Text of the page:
Despite having a talent-laden roster, the Rams front office dysfunction had traveled from California to Missouri. Team President John Shaw chose to remain in Los Angeles after the re-location. This enabled President of Football Operations Jay Zygmunt and former head coach Mike Martz to carve out rival fiefdoms within the Rams front office. As poor draft choices and mediocre records began to pile up for the once budding dynasty, the rivalries within the Rams organization began to flare. This culminated when Martz was forced to sit out with an infection in his heart. Martz attempted to phone a play in to his offensive coordinator, but was forbidden from doing so by Zygmunt. For all intents and purposes, this ended the Martz era and tossed the Rams into chaos. Hoping to regain control within the franchise, Scott Linehan was named head coach of the St. Louis Rams on January 19, 2006.[6] He previously served as the offensive coordinator for the Miami Dolphins. On January 24, Jim Haslett, the former head coach of the New Orleans Saints, signed a three-year deal to become the Rams new defensive coordinator.[7][8]

After having been hospitalized for several months with breast cancer, owner Georgia Frontiere died on January 18, 2008.[9] Ownership of the team passed to her son Dale "Chip" Rosenbloom and daughter Lucia Rodriguez. They each split her 60% share of the Rams.[10] Chip Rosenbloom was named the new Rams majority owner.[11]

On May 31, 2009, the St. Louis Post-Dispatch reported that the majority owners Chip Rosenbloom and Lucia Rodriguez officially offered the Rams for sale. They have retained the services of Goldman Sachs, a prominent investment banking firm, to help facilitate the sale of the Rams by evaluating bids and soliciting potential buyers.[12] The sale price is unknown, but Forbes magazine′s most recent estimate listed the Rams' value at $929 million.[13]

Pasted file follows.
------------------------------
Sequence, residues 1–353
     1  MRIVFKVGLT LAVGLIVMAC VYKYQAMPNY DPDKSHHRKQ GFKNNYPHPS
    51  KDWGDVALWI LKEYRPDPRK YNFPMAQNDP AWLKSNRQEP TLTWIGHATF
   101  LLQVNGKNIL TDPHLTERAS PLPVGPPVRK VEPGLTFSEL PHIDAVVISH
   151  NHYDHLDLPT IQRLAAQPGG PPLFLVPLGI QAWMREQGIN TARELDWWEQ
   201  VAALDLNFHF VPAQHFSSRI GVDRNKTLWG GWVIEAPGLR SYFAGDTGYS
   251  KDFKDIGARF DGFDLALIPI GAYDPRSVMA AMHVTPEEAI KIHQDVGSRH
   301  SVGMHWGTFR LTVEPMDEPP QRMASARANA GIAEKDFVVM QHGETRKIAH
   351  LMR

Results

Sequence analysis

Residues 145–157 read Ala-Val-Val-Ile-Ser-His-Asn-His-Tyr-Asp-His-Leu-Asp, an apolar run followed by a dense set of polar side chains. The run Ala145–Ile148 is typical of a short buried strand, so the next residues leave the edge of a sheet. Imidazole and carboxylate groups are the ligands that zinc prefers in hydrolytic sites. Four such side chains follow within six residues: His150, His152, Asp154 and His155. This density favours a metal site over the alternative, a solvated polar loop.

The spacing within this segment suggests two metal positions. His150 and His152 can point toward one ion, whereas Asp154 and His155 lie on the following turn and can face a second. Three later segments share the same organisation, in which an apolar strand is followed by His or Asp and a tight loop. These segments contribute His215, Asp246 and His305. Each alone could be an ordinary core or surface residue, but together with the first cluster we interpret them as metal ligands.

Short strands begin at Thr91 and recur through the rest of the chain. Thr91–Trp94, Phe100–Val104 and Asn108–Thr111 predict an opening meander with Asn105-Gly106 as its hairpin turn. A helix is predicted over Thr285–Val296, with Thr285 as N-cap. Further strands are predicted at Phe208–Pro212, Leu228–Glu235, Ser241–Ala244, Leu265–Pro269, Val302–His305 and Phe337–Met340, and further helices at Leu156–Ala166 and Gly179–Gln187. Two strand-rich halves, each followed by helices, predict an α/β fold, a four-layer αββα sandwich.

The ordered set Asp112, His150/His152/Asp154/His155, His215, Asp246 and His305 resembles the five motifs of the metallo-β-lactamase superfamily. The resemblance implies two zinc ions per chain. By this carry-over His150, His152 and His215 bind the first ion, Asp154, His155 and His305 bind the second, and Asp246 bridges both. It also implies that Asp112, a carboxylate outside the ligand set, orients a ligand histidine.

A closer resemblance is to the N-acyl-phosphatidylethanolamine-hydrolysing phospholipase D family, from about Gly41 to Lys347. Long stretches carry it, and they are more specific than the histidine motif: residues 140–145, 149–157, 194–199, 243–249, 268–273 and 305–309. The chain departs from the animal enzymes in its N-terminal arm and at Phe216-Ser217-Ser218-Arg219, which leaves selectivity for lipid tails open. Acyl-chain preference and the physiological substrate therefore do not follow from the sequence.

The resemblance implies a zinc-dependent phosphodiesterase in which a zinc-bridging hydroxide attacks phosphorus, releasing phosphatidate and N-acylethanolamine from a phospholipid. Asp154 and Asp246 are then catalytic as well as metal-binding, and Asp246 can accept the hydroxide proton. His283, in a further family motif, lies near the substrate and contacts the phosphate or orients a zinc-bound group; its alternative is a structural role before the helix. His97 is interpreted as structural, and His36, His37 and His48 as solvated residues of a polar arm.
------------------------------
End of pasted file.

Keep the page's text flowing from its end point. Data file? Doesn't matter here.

Although the Rams were one of the most productive teams in NFL history, head coach Mike Martz was criticized by many as careless with game management. He often feuded with several players as well as team president and general manager, Jay Zygmunt. However, most of his players respected him and went on record saying that they enjoyed him as a coach. In 2005, Martz was ill and hospitalized for several games, allowing assistant head coach Joe Vitt to coach the remainder of the season, although Martz was cleared later in the season, team president John Shaw would not allow him to come back to coach the team. After the Rams fired Martz, former Minnesota offensive coordinator Scott Linehan took control of an 8–8 team in 2006. In 2007, Linehan led the Rams to 3–13.

Following the 2007 season, Georgia Frontiere died January 18, 2008 after a 28-year ownership commencing in 1979.[14] Ownership of the team passed to her son Dale "Chip" Rosenbloom and daughter Lucia Rodriguez.[15] Chip Rosenbloom was named the new Rams majority owner.[16] Linehan was already faced with scrutiny from several players in the locker room, including Torry Holt and Steven Jackson. Linehan was then fired on September 29, 2008, after the team started the season 0–4. Jim Haslett, defensive coordinator under Linehan, was interim head coach for the rest of the 2008 season.